Freezing Credit Report- Not Enough

The Equifax hack exposed the names, addresses, birth dates and Social Security numbers of up to 145.5 million Americans. Drivers license information for 10.9 million people was also exposed, according to a Wall Street Journal reports. This is the sensitive, private information that’s used to establish your identity, which is why freezing credit reports  as important as that is  won’t be enough. Credit freezes won’t prevent criminals from taking over credit, bank, retirement and investment accounts, says security expert Avivah Litan with Gartner Research. Thieves also could use the purloined information to snatch your tax refund or mess with your Social Security benefits. Your email, phone, shopping and cloud-based storage accounts aren’t safe, either.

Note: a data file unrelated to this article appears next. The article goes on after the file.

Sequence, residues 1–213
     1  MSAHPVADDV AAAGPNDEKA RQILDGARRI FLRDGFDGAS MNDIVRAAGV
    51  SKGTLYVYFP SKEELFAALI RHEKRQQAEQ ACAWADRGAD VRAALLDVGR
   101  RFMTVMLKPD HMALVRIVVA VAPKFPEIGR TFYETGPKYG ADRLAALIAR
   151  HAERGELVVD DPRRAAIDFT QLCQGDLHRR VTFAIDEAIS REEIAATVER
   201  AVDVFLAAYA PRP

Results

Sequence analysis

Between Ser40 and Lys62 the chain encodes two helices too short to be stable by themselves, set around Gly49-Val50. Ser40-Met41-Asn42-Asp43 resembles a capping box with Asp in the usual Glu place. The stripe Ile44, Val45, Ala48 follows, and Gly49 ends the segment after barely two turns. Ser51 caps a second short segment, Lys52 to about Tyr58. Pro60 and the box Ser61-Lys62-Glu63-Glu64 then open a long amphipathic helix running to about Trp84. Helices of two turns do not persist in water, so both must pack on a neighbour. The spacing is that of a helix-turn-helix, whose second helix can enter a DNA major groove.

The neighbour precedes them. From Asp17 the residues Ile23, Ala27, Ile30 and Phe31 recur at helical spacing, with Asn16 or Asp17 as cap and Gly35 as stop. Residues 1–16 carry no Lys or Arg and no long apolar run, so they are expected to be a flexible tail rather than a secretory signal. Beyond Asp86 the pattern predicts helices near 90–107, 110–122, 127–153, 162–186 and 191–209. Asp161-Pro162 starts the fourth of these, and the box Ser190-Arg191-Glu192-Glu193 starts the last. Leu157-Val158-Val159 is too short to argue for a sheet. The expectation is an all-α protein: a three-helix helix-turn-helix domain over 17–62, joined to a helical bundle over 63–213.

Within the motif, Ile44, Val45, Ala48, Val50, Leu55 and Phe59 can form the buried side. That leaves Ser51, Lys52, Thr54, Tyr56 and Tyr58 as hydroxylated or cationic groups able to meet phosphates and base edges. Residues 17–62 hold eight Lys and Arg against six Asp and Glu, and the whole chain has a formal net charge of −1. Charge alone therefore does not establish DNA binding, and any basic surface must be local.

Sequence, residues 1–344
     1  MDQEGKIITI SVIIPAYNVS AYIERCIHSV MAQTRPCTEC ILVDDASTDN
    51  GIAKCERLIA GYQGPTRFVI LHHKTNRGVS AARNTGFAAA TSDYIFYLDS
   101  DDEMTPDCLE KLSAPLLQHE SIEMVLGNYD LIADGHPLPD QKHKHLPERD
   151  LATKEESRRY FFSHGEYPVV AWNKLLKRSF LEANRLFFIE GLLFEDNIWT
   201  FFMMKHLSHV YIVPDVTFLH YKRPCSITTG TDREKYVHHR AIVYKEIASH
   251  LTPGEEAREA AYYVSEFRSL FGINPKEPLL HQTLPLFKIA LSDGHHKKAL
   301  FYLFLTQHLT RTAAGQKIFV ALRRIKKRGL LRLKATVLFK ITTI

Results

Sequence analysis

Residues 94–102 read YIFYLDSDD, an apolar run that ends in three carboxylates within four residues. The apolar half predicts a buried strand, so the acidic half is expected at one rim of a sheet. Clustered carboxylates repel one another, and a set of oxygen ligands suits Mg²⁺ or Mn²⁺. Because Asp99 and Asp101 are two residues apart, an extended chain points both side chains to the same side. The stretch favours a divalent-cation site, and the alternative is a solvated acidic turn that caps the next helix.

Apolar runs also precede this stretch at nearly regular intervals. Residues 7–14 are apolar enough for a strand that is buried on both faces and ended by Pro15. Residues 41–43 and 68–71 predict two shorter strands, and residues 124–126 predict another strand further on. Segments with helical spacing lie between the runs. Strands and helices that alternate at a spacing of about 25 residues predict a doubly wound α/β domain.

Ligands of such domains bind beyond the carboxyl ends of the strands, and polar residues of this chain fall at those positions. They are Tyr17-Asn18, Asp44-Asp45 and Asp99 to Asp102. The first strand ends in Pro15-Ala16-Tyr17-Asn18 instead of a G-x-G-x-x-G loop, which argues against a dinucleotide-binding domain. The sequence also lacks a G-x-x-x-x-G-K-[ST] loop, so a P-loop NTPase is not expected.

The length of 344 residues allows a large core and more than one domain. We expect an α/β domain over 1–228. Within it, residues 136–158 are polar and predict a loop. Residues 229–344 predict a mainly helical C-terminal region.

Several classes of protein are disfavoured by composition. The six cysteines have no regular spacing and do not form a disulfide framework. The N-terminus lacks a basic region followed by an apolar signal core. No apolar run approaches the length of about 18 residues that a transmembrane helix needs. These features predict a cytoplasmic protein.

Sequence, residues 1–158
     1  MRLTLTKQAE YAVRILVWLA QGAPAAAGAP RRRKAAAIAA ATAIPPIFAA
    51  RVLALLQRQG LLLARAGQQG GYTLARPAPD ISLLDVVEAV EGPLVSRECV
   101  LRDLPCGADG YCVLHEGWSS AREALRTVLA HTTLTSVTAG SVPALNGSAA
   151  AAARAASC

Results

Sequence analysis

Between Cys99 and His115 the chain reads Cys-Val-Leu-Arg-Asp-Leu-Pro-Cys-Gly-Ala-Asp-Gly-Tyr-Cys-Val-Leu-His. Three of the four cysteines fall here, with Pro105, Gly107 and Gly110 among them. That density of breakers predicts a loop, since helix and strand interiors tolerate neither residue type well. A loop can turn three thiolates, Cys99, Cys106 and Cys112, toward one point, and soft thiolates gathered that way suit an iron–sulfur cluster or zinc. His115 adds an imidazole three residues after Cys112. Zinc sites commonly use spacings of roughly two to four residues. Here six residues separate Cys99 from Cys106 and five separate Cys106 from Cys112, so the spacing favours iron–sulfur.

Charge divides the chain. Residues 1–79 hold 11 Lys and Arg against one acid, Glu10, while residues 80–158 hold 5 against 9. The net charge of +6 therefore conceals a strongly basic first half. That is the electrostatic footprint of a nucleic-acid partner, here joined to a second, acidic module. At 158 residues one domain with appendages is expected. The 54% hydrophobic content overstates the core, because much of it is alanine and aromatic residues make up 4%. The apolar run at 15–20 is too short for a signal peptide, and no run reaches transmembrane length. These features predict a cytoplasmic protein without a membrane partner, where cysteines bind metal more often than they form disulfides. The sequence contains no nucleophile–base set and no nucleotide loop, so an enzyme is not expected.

With  a CPN your information will be protected! A credit privacy number, or CPN, is a nine-digit ID that can be used in lieu of a Social Security number for credit reporting and other financial purposes, like applying for a loan. Like an SSN, each person can only have one CPN. It’s used as a unique identifier for your financial transactions and lets lenders and credit reporting agencies keep an eye on your borrowing history. However, a CPN can help you keep your finances safe and hidden from the public eye. For that reason, it’s popular among elected officials, celebrities and people in witness protection programs. As the name implies, it’s mostly used by people who need a little extra privacy. A CPN isn’t always a substitute for an SSN, though: You can’t use it for documents submitted to the IRS or an employer, registering a vehicle or applying for a government loan, for instance. If you have a CPN, it’s on you to know when you can and can’t use it.